BYU to the Big 12? BYU to the Big East? The rumors are plentiful, but the official invitations are non-existent. At least for now.
Such is the plight of the BYU football program, which, nine games into its initial season as a football independent, is on the fast track for eventual membership in a conference—or so pundits and fans want to believe.
Not so fast, Cougar Nation.
BYU’s position as an independent makes too much sense to be abandoned at this point.
A lucrative multi-year deal with ESPN and scheduled tilts with some of the country’s more storied programs have BYU sitting pretty in several aspects, including exposure and respectability.
Conference membership would lock the team into schedules with stiffer competition, which would expose the program’s on-field mediocrity and shrink its already-small chances of earning a spot at the BCS table.
BYU has always marched to the beat of a different drummer, a role that is better suited for independence, not the confinement of conference membership.
The school’s Honor Code and refusal to compete on Sunday sets it apart from other schools, makes it unique and revered. It’s these traits, and ones like them, that make independence the perfect fit for the school’s football program.
Should BYU remain a football independent?
Cougar fans yearn for another national championship, but, let’s be honest: the 1984 national title was earned in an entirely different climate, one that didn’t include the BCS. As an independent or as a member of a conference, BYU’s chances of winning another national championship are slim and none.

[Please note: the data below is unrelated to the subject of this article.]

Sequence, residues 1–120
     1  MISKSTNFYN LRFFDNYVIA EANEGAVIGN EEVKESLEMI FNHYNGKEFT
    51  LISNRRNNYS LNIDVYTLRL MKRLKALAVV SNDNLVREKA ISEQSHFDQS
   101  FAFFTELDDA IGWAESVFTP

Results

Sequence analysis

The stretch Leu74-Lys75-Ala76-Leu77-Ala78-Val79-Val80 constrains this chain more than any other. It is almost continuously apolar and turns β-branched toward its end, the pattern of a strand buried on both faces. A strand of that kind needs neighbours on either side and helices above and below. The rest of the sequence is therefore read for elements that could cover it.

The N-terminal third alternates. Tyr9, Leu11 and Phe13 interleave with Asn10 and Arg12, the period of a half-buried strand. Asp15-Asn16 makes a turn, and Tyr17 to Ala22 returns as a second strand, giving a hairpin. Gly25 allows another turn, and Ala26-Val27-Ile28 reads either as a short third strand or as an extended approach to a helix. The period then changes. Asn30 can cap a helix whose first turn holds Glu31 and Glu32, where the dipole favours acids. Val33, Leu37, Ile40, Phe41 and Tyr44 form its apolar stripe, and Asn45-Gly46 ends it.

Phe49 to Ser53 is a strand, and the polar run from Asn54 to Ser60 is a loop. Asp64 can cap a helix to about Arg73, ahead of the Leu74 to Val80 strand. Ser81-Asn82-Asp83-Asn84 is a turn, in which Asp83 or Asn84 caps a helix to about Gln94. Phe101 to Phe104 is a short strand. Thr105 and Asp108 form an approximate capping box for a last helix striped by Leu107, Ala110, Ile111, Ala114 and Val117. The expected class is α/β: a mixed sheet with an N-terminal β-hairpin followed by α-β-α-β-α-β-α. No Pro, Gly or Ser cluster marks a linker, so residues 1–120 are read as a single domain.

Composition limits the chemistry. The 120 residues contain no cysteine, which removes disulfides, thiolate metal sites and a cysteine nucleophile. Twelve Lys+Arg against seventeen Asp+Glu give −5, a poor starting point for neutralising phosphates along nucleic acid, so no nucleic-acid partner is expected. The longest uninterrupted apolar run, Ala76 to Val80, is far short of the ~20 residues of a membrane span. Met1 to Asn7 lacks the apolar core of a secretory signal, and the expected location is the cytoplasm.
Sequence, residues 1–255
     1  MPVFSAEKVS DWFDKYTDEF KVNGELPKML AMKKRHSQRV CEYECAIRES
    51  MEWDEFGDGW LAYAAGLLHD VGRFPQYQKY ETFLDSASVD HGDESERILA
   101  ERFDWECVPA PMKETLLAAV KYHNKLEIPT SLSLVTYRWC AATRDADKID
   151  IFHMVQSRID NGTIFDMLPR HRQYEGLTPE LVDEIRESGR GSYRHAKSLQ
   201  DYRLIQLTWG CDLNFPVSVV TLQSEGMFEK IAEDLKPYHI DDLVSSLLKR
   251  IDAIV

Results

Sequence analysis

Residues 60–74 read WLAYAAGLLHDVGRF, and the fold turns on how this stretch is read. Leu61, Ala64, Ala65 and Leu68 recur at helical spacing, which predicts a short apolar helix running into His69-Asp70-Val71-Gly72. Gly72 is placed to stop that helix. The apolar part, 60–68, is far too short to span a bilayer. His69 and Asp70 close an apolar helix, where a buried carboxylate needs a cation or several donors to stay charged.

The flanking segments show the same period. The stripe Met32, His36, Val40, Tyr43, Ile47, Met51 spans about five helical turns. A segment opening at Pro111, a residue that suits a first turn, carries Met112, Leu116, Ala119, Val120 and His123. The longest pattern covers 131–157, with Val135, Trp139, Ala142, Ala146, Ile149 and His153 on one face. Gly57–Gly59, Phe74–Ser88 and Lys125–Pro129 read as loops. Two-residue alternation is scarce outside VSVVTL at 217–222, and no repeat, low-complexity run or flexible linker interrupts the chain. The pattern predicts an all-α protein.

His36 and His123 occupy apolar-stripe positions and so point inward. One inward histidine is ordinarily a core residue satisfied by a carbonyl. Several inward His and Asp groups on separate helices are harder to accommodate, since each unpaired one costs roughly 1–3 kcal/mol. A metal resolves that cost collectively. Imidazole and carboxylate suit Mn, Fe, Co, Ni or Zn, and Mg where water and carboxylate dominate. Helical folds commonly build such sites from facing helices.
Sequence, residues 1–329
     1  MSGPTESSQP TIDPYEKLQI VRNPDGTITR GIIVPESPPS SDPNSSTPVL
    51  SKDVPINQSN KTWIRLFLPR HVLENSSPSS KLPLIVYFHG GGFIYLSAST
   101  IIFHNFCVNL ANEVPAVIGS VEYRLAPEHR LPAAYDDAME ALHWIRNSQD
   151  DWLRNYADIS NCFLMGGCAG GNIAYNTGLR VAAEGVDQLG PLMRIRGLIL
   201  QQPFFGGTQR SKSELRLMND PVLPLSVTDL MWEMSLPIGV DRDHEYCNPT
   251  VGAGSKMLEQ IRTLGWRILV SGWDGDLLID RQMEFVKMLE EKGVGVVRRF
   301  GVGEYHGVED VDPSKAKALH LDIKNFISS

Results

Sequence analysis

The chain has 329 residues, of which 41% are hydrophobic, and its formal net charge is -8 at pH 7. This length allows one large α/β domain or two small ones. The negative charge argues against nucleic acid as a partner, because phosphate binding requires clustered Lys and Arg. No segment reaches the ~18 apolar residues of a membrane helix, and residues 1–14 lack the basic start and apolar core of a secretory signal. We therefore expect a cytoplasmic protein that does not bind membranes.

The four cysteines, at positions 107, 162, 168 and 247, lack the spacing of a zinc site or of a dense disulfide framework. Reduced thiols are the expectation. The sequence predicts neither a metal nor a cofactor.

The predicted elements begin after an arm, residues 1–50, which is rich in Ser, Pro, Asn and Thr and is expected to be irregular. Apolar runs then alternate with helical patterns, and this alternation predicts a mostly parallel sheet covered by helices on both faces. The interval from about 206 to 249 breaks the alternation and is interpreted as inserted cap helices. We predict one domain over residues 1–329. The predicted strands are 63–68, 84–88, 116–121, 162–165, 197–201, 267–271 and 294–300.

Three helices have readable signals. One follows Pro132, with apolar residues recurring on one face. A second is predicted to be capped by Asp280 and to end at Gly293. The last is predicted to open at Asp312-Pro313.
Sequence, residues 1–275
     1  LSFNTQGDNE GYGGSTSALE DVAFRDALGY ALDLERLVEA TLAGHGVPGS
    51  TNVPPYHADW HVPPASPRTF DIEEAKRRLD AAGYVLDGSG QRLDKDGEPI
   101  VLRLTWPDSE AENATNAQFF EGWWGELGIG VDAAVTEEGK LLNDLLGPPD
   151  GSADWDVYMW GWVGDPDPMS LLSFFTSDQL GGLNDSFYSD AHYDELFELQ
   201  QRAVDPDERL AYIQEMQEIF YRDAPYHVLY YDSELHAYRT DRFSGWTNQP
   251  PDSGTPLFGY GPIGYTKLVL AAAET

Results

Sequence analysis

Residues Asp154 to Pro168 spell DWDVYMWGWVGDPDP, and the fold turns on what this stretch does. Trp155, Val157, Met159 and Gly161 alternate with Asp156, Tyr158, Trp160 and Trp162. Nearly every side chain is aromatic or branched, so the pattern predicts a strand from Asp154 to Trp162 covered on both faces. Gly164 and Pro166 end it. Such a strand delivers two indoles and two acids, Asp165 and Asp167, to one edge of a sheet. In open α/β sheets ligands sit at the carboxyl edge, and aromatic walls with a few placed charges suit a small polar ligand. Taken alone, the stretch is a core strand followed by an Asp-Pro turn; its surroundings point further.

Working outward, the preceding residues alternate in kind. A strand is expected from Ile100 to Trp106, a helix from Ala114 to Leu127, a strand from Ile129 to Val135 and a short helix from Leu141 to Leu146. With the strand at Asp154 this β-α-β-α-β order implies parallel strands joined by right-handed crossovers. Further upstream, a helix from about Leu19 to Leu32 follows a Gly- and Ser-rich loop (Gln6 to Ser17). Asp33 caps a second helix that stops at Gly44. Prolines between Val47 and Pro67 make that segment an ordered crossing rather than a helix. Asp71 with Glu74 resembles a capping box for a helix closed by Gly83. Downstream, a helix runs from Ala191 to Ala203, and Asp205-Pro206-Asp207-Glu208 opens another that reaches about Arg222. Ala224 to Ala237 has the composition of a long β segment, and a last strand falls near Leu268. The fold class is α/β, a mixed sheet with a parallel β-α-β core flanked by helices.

Simply put, BYU is not a BCS-caliber program, nor does it show any signs of becoming one in the foreseeable future.
This is a good thing.
To be competitive at the BCS level, BYU would need to become more like the programs that are competitive at that level. Although naiveté wants us to bury our heads in the sand and think that the recruiting violations and cash and merchandising scandals associated with today’s college football environment are more the exception than the norm, logic dictates they’re not.
Becoming a BCS-contending program would require BYU to do what the other schools are doing. Would you want BYU to engage in these activities to get the quality of recruits needed to compete at the level of a BCS title contender?
It’s unlikely BYU will sell its soul to become competitive at the BCS level, which makes independence the way to go for now.
Conference affiliation equals conformity, and BYU is the antithesis of conformity. That’s what sets it apart from other schools, like a breath of fresh air after hours in a smoky casino.
Let's hope the powers that be at BYU do the right thing by staying the course and remaining a football independent.